The box set will mark the first time the 1979 album is released as it was recorded, although seven of the tracks were incorporated in some form in the double album of “The River.”


The box set will also include a video of a Springsteen concert during his tour for “The River” on Nov 5, 1980 at Arizona State University.

Long described as one of the most intense performances by the famously energetic artist, Springsteen took the stage under a cloud after Ronald Reagan’s sweeping victory a night earlier in the presidential election.

Springsteen has since become open about his left-leaning politics but in the 1980s was a subtle critic of Reagan, with albums “Nebraska” and “Born in the USA” focusing on the plight of workers.

Springsteen, 66, remains active both in the studio and on the road, releasing his 18th studio album last year.

The box set will include four hours of previously unreleased video on three DVDs, including footage from a 1980 show in Tempe, Arizona, tour rehearsals and a new documentary called “The Ties That Bind.”

It also comes with a coffee table book of 200 rare or previously unseen photos and memorabilia,

Fans can pre-oder the album, due for release on Dec 4, on iTunes and Amazon.com, a press release said. It was listed on Amazon for about $130.

It has been a long time coming. Canadian singer-songwriter Bryan Adams says his new album, “Get Up,” is the ideal follow-up record to his iconic “Reckless” album of 30 years ago.

The album, released on Friday, features several fast, catchy tunes like “Brand New Day,” and “You Belong to Me” which harken back to the signature feel-good style that made Adams a household name in the 1980s with hits like “Heaven” and “Summer of ’69.”

“In many ways it is the album I wish I’d been able to make 25 years ago,” Adams said, describing “Get Up,” as carefree, rocking and retro sounding.

His songwriting for Hollywood earlier in his career spawned some of his biggest hits, including “Heaven,” one of the best things to come out of the much-panned movie “A Night From Heaven,” and “(Everything I Do) I Do it for You,” the theme song from the 1991 film “Robin Hood: Prince of Thieves.”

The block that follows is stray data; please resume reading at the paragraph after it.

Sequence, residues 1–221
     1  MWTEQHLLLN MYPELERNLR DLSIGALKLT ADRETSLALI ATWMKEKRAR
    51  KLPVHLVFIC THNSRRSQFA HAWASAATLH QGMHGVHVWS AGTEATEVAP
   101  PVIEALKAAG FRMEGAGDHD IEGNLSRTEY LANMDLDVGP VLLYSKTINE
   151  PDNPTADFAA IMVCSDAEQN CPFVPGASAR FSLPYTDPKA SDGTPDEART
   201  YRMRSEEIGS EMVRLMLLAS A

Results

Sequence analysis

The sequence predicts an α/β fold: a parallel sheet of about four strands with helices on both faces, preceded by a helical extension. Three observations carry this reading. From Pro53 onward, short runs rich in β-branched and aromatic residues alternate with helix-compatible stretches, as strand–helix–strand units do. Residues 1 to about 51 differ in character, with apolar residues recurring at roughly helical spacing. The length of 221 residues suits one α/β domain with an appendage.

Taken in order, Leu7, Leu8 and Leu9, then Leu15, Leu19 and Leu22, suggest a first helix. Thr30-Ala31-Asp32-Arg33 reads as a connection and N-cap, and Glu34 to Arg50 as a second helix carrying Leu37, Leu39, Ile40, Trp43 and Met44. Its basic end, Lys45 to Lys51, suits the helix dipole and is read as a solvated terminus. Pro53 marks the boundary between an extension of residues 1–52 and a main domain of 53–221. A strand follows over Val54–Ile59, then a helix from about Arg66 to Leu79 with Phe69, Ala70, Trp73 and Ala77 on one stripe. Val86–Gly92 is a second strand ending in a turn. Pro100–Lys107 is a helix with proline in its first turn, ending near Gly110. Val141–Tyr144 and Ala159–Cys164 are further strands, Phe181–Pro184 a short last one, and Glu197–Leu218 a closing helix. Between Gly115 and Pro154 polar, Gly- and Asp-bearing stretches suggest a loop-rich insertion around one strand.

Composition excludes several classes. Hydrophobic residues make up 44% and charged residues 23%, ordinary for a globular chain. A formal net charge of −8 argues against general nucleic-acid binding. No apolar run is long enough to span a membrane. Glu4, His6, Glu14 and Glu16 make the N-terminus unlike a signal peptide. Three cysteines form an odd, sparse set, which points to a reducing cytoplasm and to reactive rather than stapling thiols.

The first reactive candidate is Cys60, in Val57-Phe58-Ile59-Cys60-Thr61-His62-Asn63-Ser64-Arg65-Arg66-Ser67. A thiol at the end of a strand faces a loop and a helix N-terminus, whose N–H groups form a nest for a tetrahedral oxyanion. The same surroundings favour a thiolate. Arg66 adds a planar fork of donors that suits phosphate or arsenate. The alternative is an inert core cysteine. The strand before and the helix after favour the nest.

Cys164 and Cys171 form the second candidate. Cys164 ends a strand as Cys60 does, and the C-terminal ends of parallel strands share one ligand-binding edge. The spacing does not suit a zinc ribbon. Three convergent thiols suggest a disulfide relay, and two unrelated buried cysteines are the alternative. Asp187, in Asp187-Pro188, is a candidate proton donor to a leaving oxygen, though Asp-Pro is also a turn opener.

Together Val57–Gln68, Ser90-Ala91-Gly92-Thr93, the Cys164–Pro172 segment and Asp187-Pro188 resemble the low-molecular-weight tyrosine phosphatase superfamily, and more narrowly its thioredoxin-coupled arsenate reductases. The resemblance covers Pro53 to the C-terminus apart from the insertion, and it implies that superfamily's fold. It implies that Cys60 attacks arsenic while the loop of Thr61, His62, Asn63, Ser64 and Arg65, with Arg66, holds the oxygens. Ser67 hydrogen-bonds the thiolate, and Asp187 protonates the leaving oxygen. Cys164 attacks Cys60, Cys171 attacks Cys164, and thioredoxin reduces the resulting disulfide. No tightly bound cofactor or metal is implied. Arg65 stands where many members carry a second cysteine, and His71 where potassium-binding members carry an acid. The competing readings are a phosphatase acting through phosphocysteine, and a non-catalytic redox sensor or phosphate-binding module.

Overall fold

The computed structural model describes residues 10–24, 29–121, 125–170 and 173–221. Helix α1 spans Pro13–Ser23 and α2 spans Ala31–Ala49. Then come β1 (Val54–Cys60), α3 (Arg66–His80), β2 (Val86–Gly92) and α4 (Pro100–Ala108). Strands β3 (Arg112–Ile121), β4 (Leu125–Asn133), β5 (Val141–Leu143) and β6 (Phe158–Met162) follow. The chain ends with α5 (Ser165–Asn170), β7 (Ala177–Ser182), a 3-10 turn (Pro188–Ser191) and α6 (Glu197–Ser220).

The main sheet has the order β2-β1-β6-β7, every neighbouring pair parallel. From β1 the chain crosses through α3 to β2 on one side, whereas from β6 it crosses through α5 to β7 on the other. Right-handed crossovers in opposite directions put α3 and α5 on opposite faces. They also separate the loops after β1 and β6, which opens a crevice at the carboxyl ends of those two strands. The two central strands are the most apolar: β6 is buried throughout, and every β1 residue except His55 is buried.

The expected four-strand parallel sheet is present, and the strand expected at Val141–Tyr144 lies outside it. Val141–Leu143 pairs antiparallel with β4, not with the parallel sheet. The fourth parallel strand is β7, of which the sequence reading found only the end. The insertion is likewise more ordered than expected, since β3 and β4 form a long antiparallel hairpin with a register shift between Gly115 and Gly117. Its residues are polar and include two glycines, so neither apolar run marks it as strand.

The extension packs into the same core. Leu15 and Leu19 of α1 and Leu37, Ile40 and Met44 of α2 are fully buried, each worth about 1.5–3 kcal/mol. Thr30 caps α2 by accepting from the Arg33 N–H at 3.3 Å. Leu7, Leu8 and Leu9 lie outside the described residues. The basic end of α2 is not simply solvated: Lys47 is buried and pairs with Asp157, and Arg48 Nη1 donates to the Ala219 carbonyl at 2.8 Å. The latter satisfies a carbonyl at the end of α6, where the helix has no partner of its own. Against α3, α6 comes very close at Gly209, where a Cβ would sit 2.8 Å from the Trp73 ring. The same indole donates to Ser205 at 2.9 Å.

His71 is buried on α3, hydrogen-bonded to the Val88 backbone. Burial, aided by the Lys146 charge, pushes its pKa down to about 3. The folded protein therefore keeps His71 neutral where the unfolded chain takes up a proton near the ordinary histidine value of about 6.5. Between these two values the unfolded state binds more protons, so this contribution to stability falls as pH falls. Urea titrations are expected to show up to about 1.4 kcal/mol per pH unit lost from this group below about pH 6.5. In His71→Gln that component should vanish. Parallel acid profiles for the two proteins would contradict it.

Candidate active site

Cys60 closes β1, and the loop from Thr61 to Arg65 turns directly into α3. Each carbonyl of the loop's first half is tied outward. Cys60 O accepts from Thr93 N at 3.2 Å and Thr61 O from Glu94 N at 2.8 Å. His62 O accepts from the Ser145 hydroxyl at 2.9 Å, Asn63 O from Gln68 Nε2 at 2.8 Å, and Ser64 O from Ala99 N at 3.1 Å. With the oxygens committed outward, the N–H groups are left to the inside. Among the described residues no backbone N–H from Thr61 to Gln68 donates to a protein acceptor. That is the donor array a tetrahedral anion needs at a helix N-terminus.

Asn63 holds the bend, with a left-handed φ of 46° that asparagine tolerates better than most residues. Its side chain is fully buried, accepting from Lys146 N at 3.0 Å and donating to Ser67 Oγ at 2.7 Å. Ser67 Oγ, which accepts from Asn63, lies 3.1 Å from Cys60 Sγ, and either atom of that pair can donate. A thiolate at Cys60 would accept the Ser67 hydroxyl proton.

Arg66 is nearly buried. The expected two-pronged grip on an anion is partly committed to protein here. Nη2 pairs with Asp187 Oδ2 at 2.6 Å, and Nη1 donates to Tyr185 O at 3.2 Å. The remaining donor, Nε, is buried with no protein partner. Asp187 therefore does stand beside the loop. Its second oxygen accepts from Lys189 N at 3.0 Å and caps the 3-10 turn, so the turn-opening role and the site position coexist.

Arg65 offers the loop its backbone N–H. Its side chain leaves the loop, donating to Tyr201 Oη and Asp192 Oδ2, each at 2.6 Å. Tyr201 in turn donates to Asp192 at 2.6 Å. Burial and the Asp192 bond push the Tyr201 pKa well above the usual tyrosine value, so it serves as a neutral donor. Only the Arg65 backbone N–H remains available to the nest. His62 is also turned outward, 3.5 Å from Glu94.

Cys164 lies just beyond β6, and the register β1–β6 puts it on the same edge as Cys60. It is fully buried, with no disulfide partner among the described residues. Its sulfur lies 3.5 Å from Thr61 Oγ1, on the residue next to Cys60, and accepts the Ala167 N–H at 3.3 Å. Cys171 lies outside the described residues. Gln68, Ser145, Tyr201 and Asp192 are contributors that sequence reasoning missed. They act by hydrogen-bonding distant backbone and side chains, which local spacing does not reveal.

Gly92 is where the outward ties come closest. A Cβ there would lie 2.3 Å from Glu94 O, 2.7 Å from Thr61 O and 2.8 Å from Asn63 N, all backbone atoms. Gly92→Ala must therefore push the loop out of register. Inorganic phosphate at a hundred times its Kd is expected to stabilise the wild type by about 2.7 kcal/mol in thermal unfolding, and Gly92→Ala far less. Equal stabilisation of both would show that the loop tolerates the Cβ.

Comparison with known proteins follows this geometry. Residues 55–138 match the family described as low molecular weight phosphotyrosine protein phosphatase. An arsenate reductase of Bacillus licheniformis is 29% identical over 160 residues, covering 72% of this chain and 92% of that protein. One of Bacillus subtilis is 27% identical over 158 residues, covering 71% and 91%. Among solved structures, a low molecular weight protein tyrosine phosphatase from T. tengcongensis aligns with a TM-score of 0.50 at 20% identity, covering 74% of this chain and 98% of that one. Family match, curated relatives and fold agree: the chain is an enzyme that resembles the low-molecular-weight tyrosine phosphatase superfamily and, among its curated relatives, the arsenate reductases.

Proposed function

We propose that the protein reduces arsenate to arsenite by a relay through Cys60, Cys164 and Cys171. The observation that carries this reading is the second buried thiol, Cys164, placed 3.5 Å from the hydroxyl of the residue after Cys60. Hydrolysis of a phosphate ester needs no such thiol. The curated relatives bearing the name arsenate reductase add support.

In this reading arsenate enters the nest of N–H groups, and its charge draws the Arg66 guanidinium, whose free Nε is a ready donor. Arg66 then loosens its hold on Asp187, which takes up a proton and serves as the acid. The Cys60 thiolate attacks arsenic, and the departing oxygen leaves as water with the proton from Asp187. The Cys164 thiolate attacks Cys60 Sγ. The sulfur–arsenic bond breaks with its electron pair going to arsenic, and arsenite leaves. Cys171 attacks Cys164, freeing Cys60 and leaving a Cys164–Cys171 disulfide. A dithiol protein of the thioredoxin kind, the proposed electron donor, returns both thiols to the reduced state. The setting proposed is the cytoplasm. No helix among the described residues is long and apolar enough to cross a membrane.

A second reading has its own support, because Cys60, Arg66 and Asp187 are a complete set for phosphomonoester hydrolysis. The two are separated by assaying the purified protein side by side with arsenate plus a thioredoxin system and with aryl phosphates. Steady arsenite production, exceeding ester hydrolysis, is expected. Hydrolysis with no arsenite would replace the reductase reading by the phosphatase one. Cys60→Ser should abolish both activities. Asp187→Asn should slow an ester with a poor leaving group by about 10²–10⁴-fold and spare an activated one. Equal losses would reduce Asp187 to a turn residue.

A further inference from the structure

But Adams, who has sold more than 65 million albums worldwide and won multiple awards, has never paid attention to shifting audience trends. He is all about his art and music.

“I don’t actually know what my target audience is and I don’t know anything about the music business. I just do what I do, which is make music, which is what I’ve always done. I just like making songs that I like and that’s it,” he said.

Produced by Electric Light Orchestra frontman Jeff Lynne and co-written with his long-time collaborator Jim Vallance, “Get Up,” also boasts a few gentler songs, like “Don’t Even Try,” and “We Did it All.”

Adams, a trim father of two who turns 56 in November, also has a passion for photography, with a new book on abstract photography due out soon. It follows “Exposed,” a collection of portraits of entertainment and fashion celebrities, and “Wounded – The Legacy of War,” depicting photographs of soldiers maimed in Iraq and Afghanistan.

Adams has lined up an extensive tour to promote the new album and admits it is challenging to focus on his passions simultaneously.

“I think what’s nice about having another venue to be creative in is you tend to get a break from what you do … And when you come back to it, you have a new perspective for music,” he said, adding: “Music is always the top of the heap. I’m not going to quit my day job.”